‘Gold’ review: This Gold does not glitter

There is a compelling idea at the heart of Gold: how the Partition of 1947 didn’t just split a nation and its people into two but also divided our sports, teams and players. The film, however, gives just a tantalising glimpse of it and prefers to stay on firmly in the familiar, oft-seen “sports-stoking-nationalism” genre. Which is by all means is fine. The tale of India’s first win at the Olympics as an independent nation, the sense of divine justice in snatching the gold medal from its coloniser is in itself perfect stuff for goosebump-inducing mainstream cinema. However, an extreme dullness, disconnect and lack of passion permeates all through the film, with only the last few minutes — a goal saved, a few scored — providing some tension and engagement.

  • Director: Reema Kagti
  • Cast: Akshay Kumar, Mouni Roy, Kunal Kapoor, Vineet Kumar Singh, Sunny Kaushal, Amit Sadh
  • Run Time: 153.42 minutes
  • Storyline: Fictional take on India’s first victory in the Olympics as an independent nation, snatching the field hockey gold from Britain in London in 1948

Not once does the film do anything fresh to the template — the same old “do sau saal ki ghulami (200 years of slavery)” chest-beating, jingoistic claptrap and convenient use of the flag and the National Anthem to acquire an emotional spine that it otherwise so completely lacks. I was constantly reminded of Lagaan (2001)—Bhuwan building his ragtag team from the scratch as against the talent scouting across India by manager Tapan Das (Akshay Kumar)—and Chak De India (2007) when it comes to the “country before the states and regions” premise or in nod to the Tricolour. However, in the other two films the mainstream aesthetics tied up well with freshness of ideas and their on-screen articulation. Here everything seems half-hearted. In those two, even the most minor of characters left an impression, here it’s Das alone who hogs the show.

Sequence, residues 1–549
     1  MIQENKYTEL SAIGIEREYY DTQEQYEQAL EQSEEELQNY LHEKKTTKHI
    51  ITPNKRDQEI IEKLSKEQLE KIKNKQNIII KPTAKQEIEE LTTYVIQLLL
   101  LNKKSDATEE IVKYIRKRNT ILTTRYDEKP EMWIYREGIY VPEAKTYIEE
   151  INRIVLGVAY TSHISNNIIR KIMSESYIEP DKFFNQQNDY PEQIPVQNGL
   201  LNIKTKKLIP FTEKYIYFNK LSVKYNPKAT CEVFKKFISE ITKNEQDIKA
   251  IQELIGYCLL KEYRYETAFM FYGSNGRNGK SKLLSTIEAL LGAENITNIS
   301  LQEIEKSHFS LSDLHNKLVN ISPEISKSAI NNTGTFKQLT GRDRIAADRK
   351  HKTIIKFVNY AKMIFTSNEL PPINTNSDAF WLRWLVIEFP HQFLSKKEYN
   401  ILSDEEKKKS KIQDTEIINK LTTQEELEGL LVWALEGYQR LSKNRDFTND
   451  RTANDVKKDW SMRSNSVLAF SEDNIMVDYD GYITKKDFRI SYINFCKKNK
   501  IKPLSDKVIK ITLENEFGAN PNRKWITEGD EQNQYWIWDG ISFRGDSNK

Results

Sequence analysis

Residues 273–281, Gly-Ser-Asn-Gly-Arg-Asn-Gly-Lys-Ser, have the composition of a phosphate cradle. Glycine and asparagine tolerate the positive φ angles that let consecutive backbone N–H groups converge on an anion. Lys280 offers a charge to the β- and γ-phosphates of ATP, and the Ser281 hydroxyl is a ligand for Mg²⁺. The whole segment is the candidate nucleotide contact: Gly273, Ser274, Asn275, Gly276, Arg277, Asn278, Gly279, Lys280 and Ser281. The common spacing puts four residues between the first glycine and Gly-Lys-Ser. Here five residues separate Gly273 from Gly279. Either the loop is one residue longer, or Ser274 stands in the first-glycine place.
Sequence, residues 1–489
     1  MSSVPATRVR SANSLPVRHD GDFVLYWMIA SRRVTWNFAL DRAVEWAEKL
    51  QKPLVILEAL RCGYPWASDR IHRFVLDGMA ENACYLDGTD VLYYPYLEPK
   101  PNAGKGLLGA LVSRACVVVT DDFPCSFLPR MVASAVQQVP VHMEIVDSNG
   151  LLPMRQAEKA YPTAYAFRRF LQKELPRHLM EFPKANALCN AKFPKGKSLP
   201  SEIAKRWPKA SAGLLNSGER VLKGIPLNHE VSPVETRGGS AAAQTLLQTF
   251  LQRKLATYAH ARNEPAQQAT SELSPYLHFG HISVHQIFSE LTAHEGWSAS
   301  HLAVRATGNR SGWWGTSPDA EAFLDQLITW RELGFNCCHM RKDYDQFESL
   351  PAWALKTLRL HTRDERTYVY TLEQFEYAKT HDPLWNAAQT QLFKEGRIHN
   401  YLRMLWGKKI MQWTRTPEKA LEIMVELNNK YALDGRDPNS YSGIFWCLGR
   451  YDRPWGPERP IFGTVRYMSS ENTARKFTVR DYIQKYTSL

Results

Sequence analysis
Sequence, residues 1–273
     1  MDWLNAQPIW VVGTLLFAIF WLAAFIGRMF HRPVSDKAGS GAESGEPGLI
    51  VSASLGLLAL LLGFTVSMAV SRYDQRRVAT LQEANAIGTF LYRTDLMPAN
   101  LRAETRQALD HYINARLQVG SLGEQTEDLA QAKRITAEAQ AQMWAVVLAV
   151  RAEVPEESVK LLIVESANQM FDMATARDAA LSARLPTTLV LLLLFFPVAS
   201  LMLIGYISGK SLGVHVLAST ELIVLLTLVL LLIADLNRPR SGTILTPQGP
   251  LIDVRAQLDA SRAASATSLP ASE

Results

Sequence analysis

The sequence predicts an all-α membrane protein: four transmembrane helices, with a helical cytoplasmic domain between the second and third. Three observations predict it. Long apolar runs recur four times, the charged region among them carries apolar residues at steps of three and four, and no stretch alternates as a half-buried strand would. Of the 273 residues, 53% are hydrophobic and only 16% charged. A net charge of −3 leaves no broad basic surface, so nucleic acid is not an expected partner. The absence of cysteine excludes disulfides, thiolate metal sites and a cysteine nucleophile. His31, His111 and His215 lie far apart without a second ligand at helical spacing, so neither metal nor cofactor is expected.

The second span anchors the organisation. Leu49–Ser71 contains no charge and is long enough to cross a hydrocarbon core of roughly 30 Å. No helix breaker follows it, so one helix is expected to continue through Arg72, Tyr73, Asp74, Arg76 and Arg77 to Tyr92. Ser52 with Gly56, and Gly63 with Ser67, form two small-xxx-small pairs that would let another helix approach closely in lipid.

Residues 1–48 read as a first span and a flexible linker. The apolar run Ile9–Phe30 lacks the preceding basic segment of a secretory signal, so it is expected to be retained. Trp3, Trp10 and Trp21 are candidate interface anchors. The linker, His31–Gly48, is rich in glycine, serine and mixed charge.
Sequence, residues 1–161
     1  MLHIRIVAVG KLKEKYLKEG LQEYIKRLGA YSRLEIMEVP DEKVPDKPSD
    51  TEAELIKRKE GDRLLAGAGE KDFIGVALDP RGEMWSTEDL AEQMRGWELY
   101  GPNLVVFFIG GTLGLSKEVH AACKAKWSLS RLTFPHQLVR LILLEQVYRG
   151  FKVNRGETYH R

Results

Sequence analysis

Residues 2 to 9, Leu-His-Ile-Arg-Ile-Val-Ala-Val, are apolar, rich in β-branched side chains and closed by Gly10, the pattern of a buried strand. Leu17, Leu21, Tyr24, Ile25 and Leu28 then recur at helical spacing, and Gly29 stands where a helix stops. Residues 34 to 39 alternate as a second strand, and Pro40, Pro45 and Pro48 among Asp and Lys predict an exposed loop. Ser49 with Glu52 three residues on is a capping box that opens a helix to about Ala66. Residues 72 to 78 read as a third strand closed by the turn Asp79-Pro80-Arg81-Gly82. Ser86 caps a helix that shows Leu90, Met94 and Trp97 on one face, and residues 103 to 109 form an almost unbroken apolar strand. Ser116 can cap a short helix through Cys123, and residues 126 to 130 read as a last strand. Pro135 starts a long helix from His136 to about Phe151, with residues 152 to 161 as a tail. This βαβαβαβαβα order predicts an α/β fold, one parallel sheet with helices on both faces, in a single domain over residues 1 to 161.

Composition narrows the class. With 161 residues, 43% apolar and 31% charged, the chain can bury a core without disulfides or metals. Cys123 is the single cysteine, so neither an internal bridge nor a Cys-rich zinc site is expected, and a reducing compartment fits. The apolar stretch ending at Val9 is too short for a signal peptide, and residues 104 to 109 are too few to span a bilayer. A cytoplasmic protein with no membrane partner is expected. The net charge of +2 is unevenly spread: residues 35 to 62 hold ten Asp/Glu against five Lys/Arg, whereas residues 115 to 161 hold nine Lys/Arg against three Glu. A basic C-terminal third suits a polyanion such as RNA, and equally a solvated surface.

Some scenes feel strangely disjointed. Long after the film I kept wondering if the Buddhist monastery sequences had more to them than what met our eyes. There is a staginess, not just in recreating the period but also the self-consciousness with which the actors go about their performances. The casting of Mouni Roy, as Das’ wife Monobina is inexplicable — her lips and body language have a life of their own, with no roots in the period her character belongs to. There are a few moments when Vineet Kumar Singh and Sunny Kaushal shine. They are the saving graces of the film who should have got more screen time and their characters more depth and probe.

Forget the cringing Bengali stereotyping, the deliberate and desperate rolling your “o”s accent and the drunken, lifting-up-the-dhoti dance in the name of showing eccentricity, it’s the self-imposed, self-aware righteousness with which Akshay Kumar is insisting on being the Neo Mr Bharat, film after film, that is now beginning to bore and grate. Someone please rescue him from being the inspirational conscience keeper of contemporary shining India and take him back to entertainment, entertainment, entertainment.

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Printable version | Jun 15, 2021 5:09:54 AM |

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